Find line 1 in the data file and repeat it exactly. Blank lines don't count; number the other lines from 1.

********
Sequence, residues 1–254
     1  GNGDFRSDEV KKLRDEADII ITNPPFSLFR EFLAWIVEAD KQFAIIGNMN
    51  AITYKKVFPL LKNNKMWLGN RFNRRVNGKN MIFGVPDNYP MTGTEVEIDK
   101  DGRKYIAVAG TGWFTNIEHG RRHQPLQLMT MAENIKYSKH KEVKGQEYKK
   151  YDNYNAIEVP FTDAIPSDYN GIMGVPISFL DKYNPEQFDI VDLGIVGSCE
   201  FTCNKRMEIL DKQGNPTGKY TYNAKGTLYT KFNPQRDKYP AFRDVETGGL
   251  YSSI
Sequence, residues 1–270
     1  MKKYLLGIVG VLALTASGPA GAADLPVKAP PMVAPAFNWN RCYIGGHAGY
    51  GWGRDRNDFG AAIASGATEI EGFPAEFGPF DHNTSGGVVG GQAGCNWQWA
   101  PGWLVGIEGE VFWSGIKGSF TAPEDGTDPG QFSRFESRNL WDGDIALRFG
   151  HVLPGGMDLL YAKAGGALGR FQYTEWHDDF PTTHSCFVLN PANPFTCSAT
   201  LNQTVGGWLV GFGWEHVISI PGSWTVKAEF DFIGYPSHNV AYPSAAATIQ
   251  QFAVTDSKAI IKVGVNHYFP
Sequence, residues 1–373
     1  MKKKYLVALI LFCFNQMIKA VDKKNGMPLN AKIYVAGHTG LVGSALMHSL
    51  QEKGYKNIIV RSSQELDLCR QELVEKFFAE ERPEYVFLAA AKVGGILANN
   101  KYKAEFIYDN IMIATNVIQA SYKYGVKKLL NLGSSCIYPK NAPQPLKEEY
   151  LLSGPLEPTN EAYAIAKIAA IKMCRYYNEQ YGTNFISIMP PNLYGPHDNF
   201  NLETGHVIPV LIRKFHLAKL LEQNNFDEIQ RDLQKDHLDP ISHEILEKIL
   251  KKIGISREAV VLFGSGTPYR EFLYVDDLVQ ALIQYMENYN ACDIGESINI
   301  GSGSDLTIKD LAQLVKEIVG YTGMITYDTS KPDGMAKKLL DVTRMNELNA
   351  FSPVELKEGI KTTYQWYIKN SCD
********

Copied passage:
Sequence, residues 1–254